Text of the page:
I left of the cayenne pepper out as it was one of dozens of spices that I lost in the kitchen remodel…because they were purchased when I got married, and this year we are celebrating our 25th anniversary! The de-seeding of the bell peppers (I hate green so I used yellow and red.) and cucumber was annoying but necessary.
We all loved the crunchy veggies against the soft salmon, and my transplanted friends took the remains home in a bag…not sure if it was going that night to their Canadian dogs or into their Canadian omelets for breakfast.
Eddie and I paired this with a Domaine de Canton Ginger Martini (1/2 jigger to full shaker of ice and Ciroq vodka).
Recipe courtesy Paula Deen
- Prep Time:
- 15 min
- Inactive Prep Time:
- Cook Time:
- 4 servings
- 2 cups cooked, flaked salmon
- 2 hard-boiled eggs, crushed
- 1 red or green bell pepper, diced
- 1 cucumber, peeled, seeded, and diced
- 1/2 cup chopped onions
- 4 to 5 tablespoons mayonnaise, or enough to moisten
- 1/4 teaspoon cayenne pepper, optional
- Salt and pepper
- 1/2 lemon, juiced
Actually, the recipe is called Chicken and Almonds. But I had searched vodka + recipe to get it so….tough luck. And, because the power went out on the one street in Newhall where I was trying to cook, the raisins were left soaking in alcohol while I drove over to Pulchella Winery…to bide my time waiting for the power to be restored.
In the recipe below, besides the fact that it didn’t tell me how long to let my raisins soak for, I also halved the amount of chicken without halving the amount of…anything else. And, frankly, have oodles of creamy sauce with tons of vodka-soaked raisins that had morphed into vodka-soaked grapes, didn’t seem like a problem to me.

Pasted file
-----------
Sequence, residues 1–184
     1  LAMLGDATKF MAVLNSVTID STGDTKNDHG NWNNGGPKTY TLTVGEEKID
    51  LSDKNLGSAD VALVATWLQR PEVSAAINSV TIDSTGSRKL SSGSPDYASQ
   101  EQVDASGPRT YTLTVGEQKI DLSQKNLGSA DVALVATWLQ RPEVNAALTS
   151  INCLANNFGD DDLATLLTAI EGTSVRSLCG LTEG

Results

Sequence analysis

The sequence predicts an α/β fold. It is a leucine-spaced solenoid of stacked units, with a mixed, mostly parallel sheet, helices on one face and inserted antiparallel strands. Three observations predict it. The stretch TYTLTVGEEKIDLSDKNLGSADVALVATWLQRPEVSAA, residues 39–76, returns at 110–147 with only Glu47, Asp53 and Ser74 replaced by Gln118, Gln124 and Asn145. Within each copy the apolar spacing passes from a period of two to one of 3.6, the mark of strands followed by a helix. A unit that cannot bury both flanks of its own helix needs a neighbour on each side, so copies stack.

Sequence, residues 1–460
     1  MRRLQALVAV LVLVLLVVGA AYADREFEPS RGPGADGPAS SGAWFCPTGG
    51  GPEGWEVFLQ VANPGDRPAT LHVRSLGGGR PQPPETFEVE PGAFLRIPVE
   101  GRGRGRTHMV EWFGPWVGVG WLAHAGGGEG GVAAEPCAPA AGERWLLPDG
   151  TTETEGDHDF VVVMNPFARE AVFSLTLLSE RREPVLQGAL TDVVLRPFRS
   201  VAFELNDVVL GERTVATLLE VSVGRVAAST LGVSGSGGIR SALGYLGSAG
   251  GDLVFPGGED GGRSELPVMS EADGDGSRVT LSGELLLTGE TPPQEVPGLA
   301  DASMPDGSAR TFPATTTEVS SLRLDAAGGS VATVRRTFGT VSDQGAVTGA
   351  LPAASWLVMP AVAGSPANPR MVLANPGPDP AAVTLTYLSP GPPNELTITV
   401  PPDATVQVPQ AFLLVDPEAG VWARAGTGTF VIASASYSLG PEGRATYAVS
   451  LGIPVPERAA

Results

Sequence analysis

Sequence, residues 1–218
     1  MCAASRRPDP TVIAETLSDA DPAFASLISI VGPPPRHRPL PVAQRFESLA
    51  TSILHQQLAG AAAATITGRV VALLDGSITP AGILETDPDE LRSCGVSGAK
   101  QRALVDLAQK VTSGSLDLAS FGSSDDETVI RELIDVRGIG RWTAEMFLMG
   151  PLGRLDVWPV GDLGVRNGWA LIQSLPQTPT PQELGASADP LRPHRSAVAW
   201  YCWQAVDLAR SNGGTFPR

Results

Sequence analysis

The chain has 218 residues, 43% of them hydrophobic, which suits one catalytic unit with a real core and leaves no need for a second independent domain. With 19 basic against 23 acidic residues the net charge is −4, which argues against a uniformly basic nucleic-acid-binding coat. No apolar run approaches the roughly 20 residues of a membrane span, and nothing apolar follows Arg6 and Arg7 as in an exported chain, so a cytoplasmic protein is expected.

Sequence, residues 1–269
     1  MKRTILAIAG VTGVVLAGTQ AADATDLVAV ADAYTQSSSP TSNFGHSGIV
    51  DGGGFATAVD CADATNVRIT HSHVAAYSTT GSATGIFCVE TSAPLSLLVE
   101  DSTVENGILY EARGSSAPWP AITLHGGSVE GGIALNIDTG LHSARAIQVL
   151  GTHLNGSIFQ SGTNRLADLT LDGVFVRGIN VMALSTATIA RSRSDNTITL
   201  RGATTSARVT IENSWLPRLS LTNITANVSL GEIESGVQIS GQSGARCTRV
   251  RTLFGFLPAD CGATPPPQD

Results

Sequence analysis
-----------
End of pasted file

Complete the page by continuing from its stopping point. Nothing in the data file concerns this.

|I forgot to take a pic until the next day when I had the leftovers!|
I paired it with my favorite Domaine de Canton Ginger martini (search my blog for the recipe but it’s basically a vodka martini with the vermouth replaced by ginger.) and the match was perfect!
Very yummy and family voted for me to make it again!
The recipe came from Cooks.com
|CHICKEN AND ALMONDS|
Read more about it at www.cooks.com/rec/view/0,1739,153179-226194,00.html
Content Copyright © 2011 Cooks.com – All rights reserved.
8 chicken breast halves
1/2 c. raisins
1/4 c. vodka
1/2 c. slivered almonds
1/2 c. butter
1 tsp. salt
1/2 tsp. red pepper
1 can mushroom soup
1 can cheese soup
1 lg. onion, sliced
Soak raisins in vodka. Saute almonds in butter until lightly brown; remove. Put chicken in skillet; season with salt and pepper and brown. Arrange chicken in 13×9 baking dish. Blend soups and pour over chicken. Put onion slices and raisins on top. Cover and bake at 375 degrees 30 minutes; uncover, add almonds and bake 20 minutes longer.